What makes some behavioural science good? What makes some of it utter rubbish? Well, after a replication crisis and some interesting marketing mumbo-jumbo, that answer isn’t as clear cut as it used to be. Or should be.
It’s not very surprising that a few behavioural scientists have gotten together and came up with the idea of an initiative. A sort of gatekeeper for behavioural science. Good behavioural science that is. Keeping the good in, and the bad out.
Now if you’re wondering what I’m going on about: GAABS has just been set up. GAABS standing for The Global Association of Applied Behavioural Scientists. GAABS aims to set a standard for bona fide behavioural science practice. By providing a seal of approval for eligible members, GAABS will help to safeguard ethical applications in the currently unregulated field of applied behavioural science. By doing so, it provides a signal of quality and reliability for organizations commissioning these services.
Now you’re probably wondering: who determines whether applied behavioural science is good behavioural science? And that is a very fair question. When I saw the list of names I was quite impressed: GAABS’ Advisory Board comprises several of the discipline’s leading thinkers such as Daniel Kahneman, Robert Cialdini, Jennifer Lerner and Dilip Soman. And yes, you ought to know who all of those people are if you claim to be a good behavioural scientist.
I understand very much the desire to have a regulated field. Within academia, there’s a lot of peer-reviewing, often weeding out the worst (I said often, not always). This helps get the best work to the top, and kick it down to the bottom if it turns out to be p-hacked, faked or worse. Well, it eventually gets kicked down to the bottom. There might be a slight lag there. But there, so far, hadn’t been an industry equivalent. Now we see GAABS stepping up to the plate, with the help of academics, to raise some serious questions about quality, and endorsing those that make the cut. I hope that soon GAABS will release its criteria, or at least be more transparent about it’s endorsement process. Moreover, I want to know if academics also need to get endorsed, or whether there is a very clear focus on just the practitioner side of the coin. In their mission statement, they do seem to have a clear focus: “GAABS has just been set up as the world’s first independent organisation representing the interests of applied behavioural scientists, primarily working in the private sector. This professional body is a member-based organisation with an ethical, scientific and non-profit purpose, established by a small group of behavioural science academics and practitioners.”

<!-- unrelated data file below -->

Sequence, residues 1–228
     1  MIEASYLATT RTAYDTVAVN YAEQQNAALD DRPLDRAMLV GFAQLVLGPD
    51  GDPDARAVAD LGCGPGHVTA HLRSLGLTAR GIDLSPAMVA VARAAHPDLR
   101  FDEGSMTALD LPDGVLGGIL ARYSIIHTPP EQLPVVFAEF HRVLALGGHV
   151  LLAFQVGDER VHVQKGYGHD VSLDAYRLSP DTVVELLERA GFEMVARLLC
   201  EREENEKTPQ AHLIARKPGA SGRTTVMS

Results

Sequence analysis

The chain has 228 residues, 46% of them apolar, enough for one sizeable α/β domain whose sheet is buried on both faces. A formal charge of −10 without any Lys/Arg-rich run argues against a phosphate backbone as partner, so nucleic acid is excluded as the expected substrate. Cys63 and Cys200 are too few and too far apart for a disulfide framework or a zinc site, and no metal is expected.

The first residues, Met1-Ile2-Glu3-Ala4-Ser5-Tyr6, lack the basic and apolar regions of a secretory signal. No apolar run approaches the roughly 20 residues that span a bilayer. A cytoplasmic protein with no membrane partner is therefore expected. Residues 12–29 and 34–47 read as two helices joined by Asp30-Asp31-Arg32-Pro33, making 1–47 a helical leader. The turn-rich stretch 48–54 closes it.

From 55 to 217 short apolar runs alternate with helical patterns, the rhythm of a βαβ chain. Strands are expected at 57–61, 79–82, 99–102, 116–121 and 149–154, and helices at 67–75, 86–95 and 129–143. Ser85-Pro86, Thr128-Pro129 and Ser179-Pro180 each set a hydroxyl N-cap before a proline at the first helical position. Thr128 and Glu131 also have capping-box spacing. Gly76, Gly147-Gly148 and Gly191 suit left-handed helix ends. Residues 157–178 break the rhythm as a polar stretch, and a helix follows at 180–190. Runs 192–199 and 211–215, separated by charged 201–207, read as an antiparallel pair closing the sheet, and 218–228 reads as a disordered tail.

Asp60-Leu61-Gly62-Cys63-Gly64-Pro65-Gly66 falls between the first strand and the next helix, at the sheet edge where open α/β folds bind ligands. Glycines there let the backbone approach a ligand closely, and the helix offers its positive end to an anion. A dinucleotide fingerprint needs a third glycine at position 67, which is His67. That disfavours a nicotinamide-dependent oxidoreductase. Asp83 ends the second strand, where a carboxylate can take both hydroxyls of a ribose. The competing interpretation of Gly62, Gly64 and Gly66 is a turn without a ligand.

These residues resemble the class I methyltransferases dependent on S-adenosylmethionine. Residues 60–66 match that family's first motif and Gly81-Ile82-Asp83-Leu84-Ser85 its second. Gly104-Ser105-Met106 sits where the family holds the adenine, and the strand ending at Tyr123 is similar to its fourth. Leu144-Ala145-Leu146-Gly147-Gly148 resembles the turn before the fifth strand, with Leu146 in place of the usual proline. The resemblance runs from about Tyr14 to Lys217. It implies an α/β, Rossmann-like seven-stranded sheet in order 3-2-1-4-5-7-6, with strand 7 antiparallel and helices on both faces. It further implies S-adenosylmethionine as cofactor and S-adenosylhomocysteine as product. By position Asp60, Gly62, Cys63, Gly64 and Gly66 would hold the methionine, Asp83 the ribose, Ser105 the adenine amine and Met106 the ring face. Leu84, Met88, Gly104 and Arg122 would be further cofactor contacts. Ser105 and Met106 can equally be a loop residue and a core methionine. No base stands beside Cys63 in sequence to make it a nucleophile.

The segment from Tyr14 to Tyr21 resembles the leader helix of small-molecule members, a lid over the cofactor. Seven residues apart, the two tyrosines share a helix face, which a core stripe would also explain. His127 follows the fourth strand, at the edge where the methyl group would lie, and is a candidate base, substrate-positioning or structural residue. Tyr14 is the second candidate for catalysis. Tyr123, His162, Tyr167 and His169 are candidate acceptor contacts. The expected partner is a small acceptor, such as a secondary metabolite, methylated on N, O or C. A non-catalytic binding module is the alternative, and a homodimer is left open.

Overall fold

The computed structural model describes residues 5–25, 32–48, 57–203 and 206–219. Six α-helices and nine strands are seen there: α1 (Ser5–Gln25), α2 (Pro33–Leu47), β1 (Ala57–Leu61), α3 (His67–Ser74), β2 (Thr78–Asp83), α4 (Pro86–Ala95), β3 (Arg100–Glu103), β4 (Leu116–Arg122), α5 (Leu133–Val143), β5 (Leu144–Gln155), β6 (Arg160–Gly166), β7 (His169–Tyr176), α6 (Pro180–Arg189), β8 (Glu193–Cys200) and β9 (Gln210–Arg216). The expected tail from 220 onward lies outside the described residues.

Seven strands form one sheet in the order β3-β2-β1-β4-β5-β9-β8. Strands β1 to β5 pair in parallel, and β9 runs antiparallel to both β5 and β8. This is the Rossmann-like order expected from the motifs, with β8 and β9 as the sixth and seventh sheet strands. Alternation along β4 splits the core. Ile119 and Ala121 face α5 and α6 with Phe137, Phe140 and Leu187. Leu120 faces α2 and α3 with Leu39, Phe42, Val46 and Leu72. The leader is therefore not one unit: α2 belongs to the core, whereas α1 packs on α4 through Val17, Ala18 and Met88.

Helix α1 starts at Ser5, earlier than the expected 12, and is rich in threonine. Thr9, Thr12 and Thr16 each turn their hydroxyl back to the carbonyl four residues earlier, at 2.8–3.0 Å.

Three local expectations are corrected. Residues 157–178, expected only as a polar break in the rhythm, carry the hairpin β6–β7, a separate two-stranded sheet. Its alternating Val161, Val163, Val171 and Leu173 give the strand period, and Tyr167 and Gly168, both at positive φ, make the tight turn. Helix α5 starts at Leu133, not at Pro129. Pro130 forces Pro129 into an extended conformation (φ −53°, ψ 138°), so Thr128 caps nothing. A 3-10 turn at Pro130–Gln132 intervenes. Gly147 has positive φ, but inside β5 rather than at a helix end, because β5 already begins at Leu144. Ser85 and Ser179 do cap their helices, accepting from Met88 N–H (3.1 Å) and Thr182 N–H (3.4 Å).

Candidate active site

As supportive as I am of this development, somehow I was quite surprised, maybe even miffed, when I realised the advisory board was all academic. I don’t support the academic vs. practitioner divide, I believe more in hybridity, the “having a foot in both worlds” approach. But why all academics? Aren’t there plenty of solid practitioners out there who would have easily made the cut. Were they too busy? Do you need academics to generate believability? I hope not. Or were academics chosen to bridge the divide between the academic-practitioner gap? To make sure behavioural scientists as a whole are on the same page with regards to what’s good, and what’s not?
So far, I have questions, and very few answers. Like I said before, I support this development, but I’d like some more transparency. And I’d like to see where GAABS is going after its launch. I genuinely hope to see some excellent behavioural science being promoted. Which also leads me to my next article, in which I’ll be outlining some bad behavioural science. See you then!
If you want to check GAABS out, you can find them at www.gaabs.org!